Environmental DNA (eDNA) is defined as genetic material obtained directly from environmental samples such as soil, sediment, water, snow, etc. or leftovers from an organisms such as hair, feces or carcasses. eDNA is an efficient, non-invasive and easy-to-standardize sampling approach with great potential as a monitoring tool for wildlife. It constitutes a great opportunity to study the role and ecology of organisms and get insight into their metabolism, function and evolutionary relationship.
Studying eDNA involves a series of methods based on DNA collected directly from the environment to identify the presence of organisms either by Q-PCR or by metabarcoding at the individual, population, species, genus or family level or for the determination of biodiversity and ecosystem characterization. Both within the terrestrial and aquatic environment, it is expected that eDNA will play a significant role in future environmental monitoring. eDNA builds on skills in molecular biology, population genetics and bioinformatics coupled with ecology, biology and/or agronomy.
The fast development within the area of DNA and RNA sequencing techniques combined with the reduction in prices of sequencing analysis have strengthened the interest in wide-spread use of techniques based on eDNA for monitoring and research applications.
In the eDNA center at Aarhus University, Faculty of Technical Sciences investigations of potentials and feasability of employing eDNA in environmental monitoring of both state of environment and tracking of specific organisms will performed. The objective is to perform preparatory investigations facilitating incorporation of eDNA techniques in environmental monitoring.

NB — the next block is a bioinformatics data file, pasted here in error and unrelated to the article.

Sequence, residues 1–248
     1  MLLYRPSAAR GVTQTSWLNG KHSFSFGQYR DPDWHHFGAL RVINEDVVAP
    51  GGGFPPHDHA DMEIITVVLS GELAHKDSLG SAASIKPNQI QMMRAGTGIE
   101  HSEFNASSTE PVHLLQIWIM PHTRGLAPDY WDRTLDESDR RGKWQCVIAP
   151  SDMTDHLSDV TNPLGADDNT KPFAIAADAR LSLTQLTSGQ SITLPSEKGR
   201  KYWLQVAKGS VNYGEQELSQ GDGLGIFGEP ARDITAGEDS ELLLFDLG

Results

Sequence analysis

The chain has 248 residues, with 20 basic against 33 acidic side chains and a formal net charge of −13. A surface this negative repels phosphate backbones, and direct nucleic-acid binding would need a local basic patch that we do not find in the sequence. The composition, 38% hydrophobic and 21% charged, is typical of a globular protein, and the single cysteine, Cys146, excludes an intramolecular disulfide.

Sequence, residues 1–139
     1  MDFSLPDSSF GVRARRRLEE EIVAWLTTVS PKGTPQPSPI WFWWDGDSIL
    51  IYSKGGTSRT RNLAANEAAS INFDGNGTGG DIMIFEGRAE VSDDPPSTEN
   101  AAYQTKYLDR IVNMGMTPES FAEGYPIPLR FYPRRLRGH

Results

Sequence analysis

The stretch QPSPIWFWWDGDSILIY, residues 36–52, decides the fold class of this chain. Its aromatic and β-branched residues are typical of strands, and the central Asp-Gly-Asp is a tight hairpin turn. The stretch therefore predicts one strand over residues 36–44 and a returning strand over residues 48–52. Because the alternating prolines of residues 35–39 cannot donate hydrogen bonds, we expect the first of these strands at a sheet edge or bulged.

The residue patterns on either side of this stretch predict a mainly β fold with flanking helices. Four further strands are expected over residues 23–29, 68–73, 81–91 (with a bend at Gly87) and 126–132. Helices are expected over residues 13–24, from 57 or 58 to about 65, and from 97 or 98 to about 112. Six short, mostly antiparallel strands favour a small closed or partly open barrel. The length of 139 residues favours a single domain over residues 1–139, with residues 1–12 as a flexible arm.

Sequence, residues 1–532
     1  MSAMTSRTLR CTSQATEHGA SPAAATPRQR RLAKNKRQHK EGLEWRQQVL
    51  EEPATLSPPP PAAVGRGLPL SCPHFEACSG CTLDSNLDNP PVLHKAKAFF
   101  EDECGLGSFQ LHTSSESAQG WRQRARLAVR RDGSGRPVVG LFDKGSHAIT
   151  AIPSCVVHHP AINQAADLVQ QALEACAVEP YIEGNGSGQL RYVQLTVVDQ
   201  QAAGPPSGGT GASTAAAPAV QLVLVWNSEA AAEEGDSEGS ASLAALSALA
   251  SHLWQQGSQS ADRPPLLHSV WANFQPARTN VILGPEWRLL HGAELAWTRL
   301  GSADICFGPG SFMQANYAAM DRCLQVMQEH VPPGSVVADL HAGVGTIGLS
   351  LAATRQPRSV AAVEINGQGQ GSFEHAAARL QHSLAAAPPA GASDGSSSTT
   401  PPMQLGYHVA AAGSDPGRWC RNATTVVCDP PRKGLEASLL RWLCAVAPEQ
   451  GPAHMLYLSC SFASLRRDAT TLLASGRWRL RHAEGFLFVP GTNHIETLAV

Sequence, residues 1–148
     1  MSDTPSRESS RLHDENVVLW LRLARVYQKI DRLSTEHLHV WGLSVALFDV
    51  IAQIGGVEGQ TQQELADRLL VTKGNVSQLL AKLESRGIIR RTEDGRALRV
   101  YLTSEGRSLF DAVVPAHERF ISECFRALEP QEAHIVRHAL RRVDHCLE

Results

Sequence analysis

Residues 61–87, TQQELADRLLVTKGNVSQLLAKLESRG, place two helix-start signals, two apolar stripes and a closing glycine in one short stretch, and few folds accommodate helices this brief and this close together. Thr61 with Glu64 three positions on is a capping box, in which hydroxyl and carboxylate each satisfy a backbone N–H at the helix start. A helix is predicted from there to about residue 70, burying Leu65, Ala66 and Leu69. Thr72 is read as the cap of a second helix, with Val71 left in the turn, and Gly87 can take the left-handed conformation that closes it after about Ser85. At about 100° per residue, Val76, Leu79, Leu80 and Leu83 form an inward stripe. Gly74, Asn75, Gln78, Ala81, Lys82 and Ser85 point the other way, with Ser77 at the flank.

Analysis of eDNA involves the collection of a small volume of water, soil, sediment, feces, etc which is sent to the laboratory where it is treated to extract the eDNA present. This method uses either universal primers that amplify DNA from a group of target species (e.g. bacteria, amphibians, fishes, crustaceans, plants, etc.) or total environmental DNA as input. After amplification in the PCR process or shotgun library preparation the DNA fragments are subsequently sequenced using in-house state of the arts sequencing platforms. The resulting sequences are then assembled to genes/genomes or compared with a reference database to establish a list of species from which DNA is present in the sample. Accordingly, eDNA is used to address applied and fundamental research questions within areas ranging from molecular biology, ecology, palaeontology and environmental sciences.